Over the centuries, the words of its founder, Théophraste Renaudot, have guided the institution: "Experience has taught us that in the affairs of life, a timely help has all the importance of a treasure".

Since its creation in 1637, Crédit Municipal de Paris has witnessed 400 years of Parisian history. Faithful to the social mission it has always pursued, the bank's pawnbroking and budget support services provide a concrete, lasting solution for people in financial difficulty.

At the same time, Crédit Municipal de Paris has developed a range of excellent services for the conservation and enhancement of precious works and objects. Through its patronage policy and its support for artistic creation, the institution has affirmed its role as a key player in the cultural life of Paris.

1637: France's very first Mont-de-Piété

Théophraste Renaudot, physician to Louis XIII, philanthropist and friend of Richelieu, was appointed Commissaire aux pauvres du royaume in 1619. On March 27, 1637, the King authorized him to open a Mont-de-Piété in Paris. In 1643, Louis XIII allowed 58 towns to establish Monts-de-Piété. After the deaths of Richelieu and Louis XIII, Théophraste Renaudot lost his main supporters. His enemies - the usurers, the Faculty of Medicine and the Parliament of Paris - demanded the closure of the establishment. On March1, a ruling by the Parliament put an end to the institution. For over a century, usurers ruled the capital. Rates of up to 120% per annum were charged!

Definitive installation of the institution

On December 9, 1777, Louis XVI re-established the institution with letters patent, at the instigation of Jean-Charles-Pierre Lenoir, Lieutenant General of Police in Paris. Framboisier de Beaunay, advisor to the King and drafter of the letters patent, was appointed the institution's first director. The Mont-de-Piété de Paris officially opened on February 9, 1778, at the address it still occupies today.

During the French Revolution, upheavals in the internal organization, combined with the political and social climate, weakened the establishment. It was forced to close in 1795, but was not officially suppressed. Paris became overrun with pawnshops. The Seine authorities decided to restore the Mont-de-Piété, which reopened in 1797 and never closed again. Parisians, warned by posters, flocked to it.

Elevation of the Mont-de-Piété in Paris, on the rue de Paradis in the Marais, 1787

The pawnbroking monopoly

By 1800, confidence had returned. The first branch specializing in the pledging of precious objects opened on rue Vivienne. On February 6, 1804, Napoleon Bonaparte granted Mont-de-Piété a monopoly on pawnbroking.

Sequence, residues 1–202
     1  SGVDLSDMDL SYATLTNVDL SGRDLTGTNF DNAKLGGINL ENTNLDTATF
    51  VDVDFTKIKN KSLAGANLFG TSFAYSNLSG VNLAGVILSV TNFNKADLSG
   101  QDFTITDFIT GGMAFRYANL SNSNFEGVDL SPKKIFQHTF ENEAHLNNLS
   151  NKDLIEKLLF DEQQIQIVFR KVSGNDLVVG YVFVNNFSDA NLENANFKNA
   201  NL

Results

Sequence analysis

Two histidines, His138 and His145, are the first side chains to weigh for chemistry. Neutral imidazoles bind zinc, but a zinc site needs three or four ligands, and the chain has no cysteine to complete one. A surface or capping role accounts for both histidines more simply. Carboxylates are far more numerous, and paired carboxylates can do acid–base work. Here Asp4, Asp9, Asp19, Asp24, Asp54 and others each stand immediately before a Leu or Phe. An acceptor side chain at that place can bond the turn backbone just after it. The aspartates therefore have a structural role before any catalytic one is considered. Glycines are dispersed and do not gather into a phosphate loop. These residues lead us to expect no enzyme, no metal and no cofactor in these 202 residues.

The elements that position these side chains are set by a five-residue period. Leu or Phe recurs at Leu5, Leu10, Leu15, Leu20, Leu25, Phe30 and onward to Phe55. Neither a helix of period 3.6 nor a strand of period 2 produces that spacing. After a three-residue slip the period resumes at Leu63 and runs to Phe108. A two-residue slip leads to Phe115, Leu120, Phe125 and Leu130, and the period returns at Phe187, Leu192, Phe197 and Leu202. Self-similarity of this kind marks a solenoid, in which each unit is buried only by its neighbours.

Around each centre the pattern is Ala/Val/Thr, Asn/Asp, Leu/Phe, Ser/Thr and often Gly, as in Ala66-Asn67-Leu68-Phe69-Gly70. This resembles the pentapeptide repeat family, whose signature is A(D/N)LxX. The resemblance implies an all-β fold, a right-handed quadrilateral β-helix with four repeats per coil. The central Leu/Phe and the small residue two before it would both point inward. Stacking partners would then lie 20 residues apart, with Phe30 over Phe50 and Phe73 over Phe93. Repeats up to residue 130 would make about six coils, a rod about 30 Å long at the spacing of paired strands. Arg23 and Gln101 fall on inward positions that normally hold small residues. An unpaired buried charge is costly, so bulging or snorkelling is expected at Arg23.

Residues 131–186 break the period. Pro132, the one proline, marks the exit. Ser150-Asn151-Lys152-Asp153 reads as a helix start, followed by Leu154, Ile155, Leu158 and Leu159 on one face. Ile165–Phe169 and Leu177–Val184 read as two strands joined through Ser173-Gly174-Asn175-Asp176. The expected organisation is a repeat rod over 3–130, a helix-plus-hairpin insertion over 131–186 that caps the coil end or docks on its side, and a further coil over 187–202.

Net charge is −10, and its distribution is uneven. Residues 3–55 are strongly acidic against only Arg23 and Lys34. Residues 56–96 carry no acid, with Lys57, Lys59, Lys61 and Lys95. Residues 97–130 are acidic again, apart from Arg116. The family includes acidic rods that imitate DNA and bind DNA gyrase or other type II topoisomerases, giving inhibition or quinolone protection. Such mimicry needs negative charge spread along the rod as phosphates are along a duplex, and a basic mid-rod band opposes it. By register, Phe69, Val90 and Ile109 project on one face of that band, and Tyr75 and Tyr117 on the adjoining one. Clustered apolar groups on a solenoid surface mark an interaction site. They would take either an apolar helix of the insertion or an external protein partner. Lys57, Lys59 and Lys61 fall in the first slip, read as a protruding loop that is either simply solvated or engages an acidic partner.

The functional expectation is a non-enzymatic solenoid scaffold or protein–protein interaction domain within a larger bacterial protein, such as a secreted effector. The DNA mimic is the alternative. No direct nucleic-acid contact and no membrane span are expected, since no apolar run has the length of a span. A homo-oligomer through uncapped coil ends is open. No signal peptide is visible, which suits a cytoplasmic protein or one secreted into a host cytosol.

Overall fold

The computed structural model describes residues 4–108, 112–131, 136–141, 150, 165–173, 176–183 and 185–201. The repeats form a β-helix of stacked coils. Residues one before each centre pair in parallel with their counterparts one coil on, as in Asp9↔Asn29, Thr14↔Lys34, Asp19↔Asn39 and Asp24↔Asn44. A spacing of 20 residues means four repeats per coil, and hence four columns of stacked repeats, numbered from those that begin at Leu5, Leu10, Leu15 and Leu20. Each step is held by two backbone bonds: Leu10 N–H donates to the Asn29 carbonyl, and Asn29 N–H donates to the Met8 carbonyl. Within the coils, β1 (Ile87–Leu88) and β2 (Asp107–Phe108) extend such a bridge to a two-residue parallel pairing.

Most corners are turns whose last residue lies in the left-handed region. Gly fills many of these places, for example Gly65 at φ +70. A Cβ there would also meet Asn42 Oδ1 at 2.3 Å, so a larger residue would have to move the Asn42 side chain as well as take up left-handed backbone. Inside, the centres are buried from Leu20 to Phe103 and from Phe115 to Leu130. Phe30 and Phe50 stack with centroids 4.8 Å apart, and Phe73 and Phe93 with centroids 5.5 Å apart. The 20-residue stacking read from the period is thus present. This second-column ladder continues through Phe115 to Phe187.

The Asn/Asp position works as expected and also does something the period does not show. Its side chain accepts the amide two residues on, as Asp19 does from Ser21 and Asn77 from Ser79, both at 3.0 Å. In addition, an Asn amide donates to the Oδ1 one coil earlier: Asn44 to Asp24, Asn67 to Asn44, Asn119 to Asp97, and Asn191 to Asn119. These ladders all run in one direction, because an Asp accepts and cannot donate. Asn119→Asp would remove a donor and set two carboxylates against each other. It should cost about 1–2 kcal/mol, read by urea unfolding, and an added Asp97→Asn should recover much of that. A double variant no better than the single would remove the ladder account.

The Mont-de-Piété experienced a period of contrasts in the 19th century. In response to strong demand from Parisians, it multiplied the number of auxiliary offices, but at the same time experienced internal dysfunction in a complex political and economic context.

He orchestrated numerous "free releases" which have continued ever since.

From Mont-de-Piété to Crédit Municipal de Paris

By the beginning of the 20th century, business was in decline, and the institution had to evolve to provide new solutions to the financial difficulties of Parisians. On October 24, 1918, Mont-de-Piété became Crédit Municipal de Paris, a new name that also heralded the development of its banking activities, alongside pawnbroking.
Crédit Municipal de Paris' activity slowed considerably during the Second World War. The decline continued into the 1950s, and the bank decided to diversify its activities. Under the French Finance Act of June 11, 1954, the caisses de Crédit Municipal were among the first establishments to offer credit to the French public, particularly civil servants. The Banking Act of January 24, 1984 recognized Crédit Municipal de Paris as a fully-fledged banking institution. From 1987 onwards, the Parisian institution set up a network of local branches in Paris and the Île-de-France region. This banking activity will cease in 2015.
In 1988, an art storage department is opened. Renamed CC ART in 2018, this department combines expertise in the conservation of rare and precious objects, from transport to packaging, right through to restoration with a network of partner restorers. This invaluable know-how irrigates all of the establishment's conservation services, in particular the pawnbroking storage services.

In 1992, the establishment came under the responsibility of the City of Paris.

A facility adapted to new uses and needs

In 2008, a budget support service was launched, which in 2023 became Parcours Budget. This service, unique in the Paris region, is completely free of charge and offers help and solutions to people in financial difficulty.

In 2018, Crédit Municipal de Paris launched the Livret Paris Partage, a doubly solidarity-based savings product that supports the bank's social activity while allowing interest to be donated to associations.

In 2022, the bank will adopt the Héraklès strategic plan, continuing the modernization efforts of the previous strategic plan. With this ambitious action plan, Crédit Municipal de Paris is asserting its position as an institution at the service of all publics, and at the heart of tomorrow's social and socially responsible finance.